Building the augmented dream:
Why consumers love 'design your own' AR product experiences
Everyone loves receiving something 'just for you'. It creates an instant connection and feels extra special, so it's no surprise that businesses are increasingly trying to personalise their customer's product experiences as well. Augmented reality is one of the best ways to provide personalisation to your customers, which has made 'design your own' apps extremely popular.
Indeed, 24 per cent of customers said the implementation of AR in-store would make them more likely to visit the shop again, according to a study by the Centre for Retail Research (CRR). On average, they also said they would spend an extra 17.5 minutes and £15.90 in-store per visit.
Here's just why customers love personalised AR experiences.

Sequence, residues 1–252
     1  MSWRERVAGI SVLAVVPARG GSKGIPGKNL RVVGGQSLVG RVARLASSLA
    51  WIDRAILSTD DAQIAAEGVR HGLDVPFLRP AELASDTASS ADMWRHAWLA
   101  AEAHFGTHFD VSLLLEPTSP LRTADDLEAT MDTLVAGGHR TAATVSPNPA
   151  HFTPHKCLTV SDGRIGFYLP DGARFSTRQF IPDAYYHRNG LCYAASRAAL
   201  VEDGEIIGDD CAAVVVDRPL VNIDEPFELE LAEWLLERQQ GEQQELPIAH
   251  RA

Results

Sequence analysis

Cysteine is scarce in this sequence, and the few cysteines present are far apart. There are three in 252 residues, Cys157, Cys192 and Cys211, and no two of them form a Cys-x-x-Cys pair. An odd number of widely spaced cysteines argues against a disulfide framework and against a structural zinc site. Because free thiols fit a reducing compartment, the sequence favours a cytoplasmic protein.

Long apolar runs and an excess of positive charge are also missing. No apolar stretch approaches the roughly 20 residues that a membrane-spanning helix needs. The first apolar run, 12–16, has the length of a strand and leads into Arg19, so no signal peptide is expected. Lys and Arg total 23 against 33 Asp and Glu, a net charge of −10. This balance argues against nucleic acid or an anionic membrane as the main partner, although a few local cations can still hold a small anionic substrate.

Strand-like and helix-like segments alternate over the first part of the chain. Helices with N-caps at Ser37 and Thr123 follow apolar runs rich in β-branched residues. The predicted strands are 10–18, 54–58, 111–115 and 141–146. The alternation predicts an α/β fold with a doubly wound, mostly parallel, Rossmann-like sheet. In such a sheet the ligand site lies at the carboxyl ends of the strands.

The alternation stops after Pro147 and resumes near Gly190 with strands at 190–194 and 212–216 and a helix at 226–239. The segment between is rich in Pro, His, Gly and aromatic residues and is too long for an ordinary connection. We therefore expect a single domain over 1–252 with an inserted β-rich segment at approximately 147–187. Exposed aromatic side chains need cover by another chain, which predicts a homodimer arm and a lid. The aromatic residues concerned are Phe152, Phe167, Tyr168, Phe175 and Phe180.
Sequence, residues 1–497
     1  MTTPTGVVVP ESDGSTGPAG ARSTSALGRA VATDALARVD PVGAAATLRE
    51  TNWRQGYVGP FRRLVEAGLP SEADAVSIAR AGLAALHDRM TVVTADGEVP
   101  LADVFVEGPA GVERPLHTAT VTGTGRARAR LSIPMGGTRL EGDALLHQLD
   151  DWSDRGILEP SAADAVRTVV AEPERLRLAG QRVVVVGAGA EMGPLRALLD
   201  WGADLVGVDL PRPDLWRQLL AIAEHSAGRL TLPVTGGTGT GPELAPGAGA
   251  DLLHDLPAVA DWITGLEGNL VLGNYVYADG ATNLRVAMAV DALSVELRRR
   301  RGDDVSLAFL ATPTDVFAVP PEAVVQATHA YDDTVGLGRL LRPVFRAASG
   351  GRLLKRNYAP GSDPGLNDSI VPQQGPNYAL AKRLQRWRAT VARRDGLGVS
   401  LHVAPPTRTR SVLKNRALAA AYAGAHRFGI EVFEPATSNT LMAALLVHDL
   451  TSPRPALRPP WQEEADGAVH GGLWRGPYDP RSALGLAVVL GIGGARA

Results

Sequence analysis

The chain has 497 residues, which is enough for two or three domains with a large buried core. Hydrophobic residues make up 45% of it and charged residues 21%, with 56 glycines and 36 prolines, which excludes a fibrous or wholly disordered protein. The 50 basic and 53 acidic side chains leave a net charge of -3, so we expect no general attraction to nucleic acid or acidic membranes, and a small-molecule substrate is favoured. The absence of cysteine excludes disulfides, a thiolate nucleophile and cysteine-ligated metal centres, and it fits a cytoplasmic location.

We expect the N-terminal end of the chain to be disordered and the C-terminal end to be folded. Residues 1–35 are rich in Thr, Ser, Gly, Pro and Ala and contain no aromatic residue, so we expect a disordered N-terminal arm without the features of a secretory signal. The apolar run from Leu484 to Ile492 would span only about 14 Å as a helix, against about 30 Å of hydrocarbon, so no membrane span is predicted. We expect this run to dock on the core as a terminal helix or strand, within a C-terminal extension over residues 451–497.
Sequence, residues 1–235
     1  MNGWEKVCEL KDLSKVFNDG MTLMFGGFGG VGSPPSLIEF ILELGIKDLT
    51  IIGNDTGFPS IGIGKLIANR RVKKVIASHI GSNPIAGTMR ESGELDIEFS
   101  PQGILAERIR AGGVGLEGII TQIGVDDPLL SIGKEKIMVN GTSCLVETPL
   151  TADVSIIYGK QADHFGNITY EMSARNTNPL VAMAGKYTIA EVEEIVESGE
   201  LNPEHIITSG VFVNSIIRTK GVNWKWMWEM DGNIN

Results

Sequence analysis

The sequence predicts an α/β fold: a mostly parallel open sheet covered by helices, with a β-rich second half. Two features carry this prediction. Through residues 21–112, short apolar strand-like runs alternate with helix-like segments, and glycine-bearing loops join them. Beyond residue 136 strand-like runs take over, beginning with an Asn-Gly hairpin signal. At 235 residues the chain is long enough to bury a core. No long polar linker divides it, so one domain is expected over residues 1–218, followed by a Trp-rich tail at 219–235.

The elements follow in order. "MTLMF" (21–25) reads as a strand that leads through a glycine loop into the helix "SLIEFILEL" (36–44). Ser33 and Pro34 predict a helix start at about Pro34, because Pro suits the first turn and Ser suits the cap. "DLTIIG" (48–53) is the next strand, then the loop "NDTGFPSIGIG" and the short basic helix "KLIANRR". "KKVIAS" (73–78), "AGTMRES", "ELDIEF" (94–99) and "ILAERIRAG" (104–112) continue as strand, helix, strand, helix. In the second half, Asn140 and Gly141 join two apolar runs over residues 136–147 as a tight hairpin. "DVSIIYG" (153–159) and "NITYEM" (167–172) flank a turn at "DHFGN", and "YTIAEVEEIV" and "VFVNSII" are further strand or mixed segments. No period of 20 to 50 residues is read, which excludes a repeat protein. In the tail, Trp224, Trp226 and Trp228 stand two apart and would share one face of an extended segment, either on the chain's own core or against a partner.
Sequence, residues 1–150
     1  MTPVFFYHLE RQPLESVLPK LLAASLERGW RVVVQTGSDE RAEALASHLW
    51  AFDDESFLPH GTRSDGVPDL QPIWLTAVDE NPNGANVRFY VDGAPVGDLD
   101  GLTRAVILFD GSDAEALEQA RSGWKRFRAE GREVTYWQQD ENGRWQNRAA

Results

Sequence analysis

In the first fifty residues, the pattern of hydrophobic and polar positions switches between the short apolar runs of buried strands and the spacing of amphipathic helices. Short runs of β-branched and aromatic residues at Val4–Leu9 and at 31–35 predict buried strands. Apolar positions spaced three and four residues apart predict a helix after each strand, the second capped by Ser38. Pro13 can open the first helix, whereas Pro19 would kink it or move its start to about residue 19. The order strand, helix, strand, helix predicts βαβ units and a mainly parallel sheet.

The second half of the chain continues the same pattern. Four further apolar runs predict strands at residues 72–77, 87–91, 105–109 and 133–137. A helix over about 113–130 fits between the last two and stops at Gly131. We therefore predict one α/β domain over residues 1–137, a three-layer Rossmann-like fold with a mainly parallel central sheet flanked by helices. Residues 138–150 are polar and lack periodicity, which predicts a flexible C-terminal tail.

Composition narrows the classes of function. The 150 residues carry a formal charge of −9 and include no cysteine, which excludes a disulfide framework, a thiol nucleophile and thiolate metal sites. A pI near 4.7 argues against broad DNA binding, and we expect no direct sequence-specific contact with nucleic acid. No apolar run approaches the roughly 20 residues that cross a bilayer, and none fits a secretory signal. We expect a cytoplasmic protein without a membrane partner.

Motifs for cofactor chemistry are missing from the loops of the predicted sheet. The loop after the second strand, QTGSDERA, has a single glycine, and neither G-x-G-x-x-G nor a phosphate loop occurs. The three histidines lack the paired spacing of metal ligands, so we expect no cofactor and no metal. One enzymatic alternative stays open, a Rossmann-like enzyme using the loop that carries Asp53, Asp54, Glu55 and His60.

Try, and customise, before you buy
The problem with customised products is that you can't see what they look like before you buy, as they haven't been made yet - unless you implement AR, that is. This technology allows businesses to create an app that enables a consumer to customise a pair of trainers, for example, and then see what they'd look like on their feet. Converse's 'The Sampler' app did just that; customers could even share the image of their virtual shoes on social media.
Giving consumers the ability to try before they buy increases their likelihood to make a purchase, as they know what the product looks like and whether it suits them. This also reduces the chance of them not liking the product on arrival and returning it. Customised products can prove difficult and costly to return; refunds are also time-consuming. 'Design your own' AR apps make consumers more confident about the product they are buying - confidence that also reflects upon the business itself.
The popularity of these types of apps is proven too - the augmented reality app for Ikea's 2014 product catalogue has received more than 8.5 million downloads to date! If the customer can't see the product in person, they need to visualise it in their own home, or on their person.